For the decade that the Chromebook line of ultra-cheap laptops has been around, the company has left the ChromeOS-based design to linger without many meaningful updates. Now the tech giant is here with Chromebook Plus touting a new hardware standard and a few software tweaks the company promises will be a step up for anybody looking for a simple setup, though still invariably tied to Google’s software brand.
Just how “plus” is Plus? Well, Google is making some additions by porting over a few software touches that have become mainstays on Android phones. The Chromebook is getting the Material You redesign, which means users should be able to set pleasing color swatches for their UI based on their wallpapers. Google is also adding its AI-based photo editing tool Magic Eraser to the Google Photos app. There are a few extra quality-of-life improvements, including the ability to set camera background blur, improved lighting, and live captions from the bottom app shelf.
The new “Plus” moniker means these Chromebooks promise minimum specs you receive for at least $399. Each comes with an Intel Core i3 12th Gen or AMD Ryzen 3 7000 CPU, or better. Further, a Plus model should have more than 8 GB of RAM and 128 GB of storage. Google promised that each will sport a 1080p webcam with temporal noise reduction and a full-HD IPS or better display. Those updated specs should be able to support editing apps like LumaFusion and Google Photos’ movie maker.
There are a few nifty features that are singularly geared to Chromebooks. There’s a new dynamic wallpaper setting for Chromebook-specific wallpapers that changes depending on the time of day. Perhaps the most important new feature for legacy Chromebook users is File Sync. Even with a new standard of 128 GB of storage, Chromebooks will still rely on cloud storage for most of their work, meaning it can be a pain when you take your 5G-lacking laptop somewhere without an easy internet connection. After users enable it, File Sync automatically downloads Google Workspace files when it finds an internet connection.
Unfortunately, some of the more interesting features of Chromebook Plus will be coming down the road. Google touted several new AI capabilities, including an in-built writing assistant that should work whether in Chrome or Docs. Google is also adding a Generative Wallpaper setting that uses an AI image generator to create a new background based on a prompt. Google offers eight different templates for the AI to base the image, and users will also be able to create AI-generated backgrounds on Google Meet.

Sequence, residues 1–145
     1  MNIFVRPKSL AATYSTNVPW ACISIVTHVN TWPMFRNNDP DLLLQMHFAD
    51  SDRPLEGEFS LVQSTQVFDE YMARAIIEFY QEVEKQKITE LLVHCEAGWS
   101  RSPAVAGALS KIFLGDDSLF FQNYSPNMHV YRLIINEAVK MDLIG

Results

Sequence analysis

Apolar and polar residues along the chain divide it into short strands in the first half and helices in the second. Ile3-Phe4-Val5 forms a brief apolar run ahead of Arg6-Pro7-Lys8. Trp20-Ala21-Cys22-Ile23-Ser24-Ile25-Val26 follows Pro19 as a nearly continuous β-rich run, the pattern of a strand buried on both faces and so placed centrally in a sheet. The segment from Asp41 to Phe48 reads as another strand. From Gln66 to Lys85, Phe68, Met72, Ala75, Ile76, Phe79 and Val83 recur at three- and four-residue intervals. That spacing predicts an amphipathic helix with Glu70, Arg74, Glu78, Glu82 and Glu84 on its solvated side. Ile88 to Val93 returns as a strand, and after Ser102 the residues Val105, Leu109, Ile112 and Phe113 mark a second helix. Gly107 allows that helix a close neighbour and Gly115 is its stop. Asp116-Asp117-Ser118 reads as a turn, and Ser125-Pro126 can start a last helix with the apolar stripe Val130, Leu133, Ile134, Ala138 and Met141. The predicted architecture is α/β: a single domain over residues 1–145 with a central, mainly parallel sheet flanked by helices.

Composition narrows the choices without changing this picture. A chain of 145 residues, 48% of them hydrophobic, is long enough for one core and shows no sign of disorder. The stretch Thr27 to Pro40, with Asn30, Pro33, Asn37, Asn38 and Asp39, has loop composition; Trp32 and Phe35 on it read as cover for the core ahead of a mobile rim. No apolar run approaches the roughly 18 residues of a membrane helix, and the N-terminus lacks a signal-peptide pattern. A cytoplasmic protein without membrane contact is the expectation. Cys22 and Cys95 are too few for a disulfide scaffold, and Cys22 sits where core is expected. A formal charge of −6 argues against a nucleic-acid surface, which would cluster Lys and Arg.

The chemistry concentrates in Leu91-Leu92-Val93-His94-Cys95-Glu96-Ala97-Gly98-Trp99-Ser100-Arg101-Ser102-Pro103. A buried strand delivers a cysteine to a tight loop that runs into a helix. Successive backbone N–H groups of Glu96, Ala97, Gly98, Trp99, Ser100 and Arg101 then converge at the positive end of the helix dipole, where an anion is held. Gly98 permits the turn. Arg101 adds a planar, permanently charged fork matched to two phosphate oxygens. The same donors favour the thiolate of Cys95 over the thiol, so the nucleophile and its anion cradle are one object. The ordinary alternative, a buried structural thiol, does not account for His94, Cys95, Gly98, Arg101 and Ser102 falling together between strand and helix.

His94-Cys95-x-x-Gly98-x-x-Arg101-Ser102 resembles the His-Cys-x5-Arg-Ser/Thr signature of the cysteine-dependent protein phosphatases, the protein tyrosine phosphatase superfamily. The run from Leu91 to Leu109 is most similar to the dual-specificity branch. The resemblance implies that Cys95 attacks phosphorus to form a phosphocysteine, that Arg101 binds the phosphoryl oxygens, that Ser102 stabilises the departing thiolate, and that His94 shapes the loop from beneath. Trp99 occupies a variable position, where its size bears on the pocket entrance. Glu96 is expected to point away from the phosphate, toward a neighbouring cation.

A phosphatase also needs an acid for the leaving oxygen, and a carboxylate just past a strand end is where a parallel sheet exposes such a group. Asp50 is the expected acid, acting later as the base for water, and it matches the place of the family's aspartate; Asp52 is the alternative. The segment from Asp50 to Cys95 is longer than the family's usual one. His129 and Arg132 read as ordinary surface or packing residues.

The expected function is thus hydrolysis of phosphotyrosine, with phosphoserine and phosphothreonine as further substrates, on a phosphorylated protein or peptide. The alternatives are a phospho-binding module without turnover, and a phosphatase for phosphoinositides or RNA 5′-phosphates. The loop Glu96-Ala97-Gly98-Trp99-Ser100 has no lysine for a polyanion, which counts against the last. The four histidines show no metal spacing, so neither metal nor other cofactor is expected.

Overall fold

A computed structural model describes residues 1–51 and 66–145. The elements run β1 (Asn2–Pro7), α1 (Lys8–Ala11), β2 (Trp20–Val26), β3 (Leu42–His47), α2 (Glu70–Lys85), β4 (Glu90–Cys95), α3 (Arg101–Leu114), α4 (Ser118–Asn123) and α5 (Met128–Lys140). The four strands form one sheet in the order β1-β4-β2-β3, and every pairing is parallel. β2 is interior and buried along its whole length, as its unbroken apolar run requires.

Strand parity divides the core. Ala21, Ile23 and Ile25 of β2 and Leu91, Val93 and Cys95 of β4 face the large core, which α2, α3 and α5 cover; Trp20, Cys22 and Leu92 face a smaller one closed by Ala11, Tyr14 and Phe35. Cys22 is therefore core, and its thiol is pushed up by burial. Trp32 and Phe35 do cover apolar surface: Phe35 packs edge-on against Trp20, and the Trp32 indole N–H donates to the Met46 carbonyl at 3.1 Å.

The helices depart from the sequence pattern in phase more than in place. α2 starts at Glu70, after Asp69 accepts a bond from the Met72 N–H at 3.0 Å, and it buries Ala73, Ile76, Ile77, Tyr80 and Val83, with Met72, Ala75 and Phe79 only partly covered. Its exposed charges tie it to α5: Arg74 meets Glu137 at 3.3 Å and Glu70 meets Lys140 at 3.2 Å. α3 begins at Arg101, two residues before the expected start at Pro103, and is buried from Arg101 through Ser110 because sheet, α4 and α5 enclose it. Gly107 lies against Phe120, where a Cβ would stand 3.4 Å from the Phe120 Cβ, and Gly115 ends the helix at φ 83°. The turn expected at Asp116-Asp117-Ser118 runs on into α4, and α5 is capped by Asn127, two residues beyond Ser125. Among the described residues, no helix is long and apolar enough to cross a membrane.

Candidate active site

In the meantime, Google is trying to entice users onto their laptop brand by promising a three-month free trial for Adobe’s new web-based version of Photoshop as well as three months of Nvidia Geforce Now priority tier. Even with Photoshop’s new AI integration through the Firefly image generator, three months is hardly an incentive for each service, especially because after the trial it would cost $21 a month for a somewhat more limited version of Photoshop while Geforce Now will still cost $10 a month. Hell, it was just a few years ago when Chromebooks were advertising three months of the now-defunct Google Stadia.
There are new Chromebook models from regular OEMs including Acer, Asus, HP, and Lenovo to start. There are regular laptop models as well as 2-in-1 flippable models from Asus, HP, and Lenovo with a small variety of specs between them. Lenovo’s slate includes a “gaming Chromebook” model that’s mostly designed around game streaming with a 120 Hz refresh rate, though that model won’t be available in the U.S. to start.
There’s a lot of subtle variations between each model. For instance, the $750 HP Chromebook Plus x360 sports a 14-inch flippable screen, while the $600 HP Chromebook Plus has a 15.6-inch display. Meanwhile, Acer’s initial Chromebook Plus 515 with a 12th-gen Intel Core processor sports a 15.6-inch full-HD display (you can pay more for the touchscreen version) while the 514 includes an AMD Ryzen 5 7520 processor and a 14-inch WUXGA screen starting at $449.
All these new Chromebooks will be available on Oct. 8 in the U.S. through most major retailers. They will be available in Canada and Europe starting Oct. 9.
Those varied prices are just another reminder that, despite the few additional features and guaranteed minimum specs, the Chromebook still has to compete with other cheap laptops that aren’t limited to what Google packs inside ChromeOS. Last month, Microsoft announced the latest in its Surface laptop series, including the $799 Surface Laptop Go 3. It’s up to each user whether they’re willing to spend a little more on a device that runs a full version of Windows 11 or go for a cheaper, though more technically limited laptop.
It’s interesting that Google is bringing up its Chromium-based laptop brand while it is currently in the middle of a major antitrust lawsuit alleging Google has used its dominant position to emphasize its software ahead of its competitors. Everything on Chromebook remains tied to Google’s brand of software. The only way to access most features is through Google Chrome and any new apps need to come through Play Store.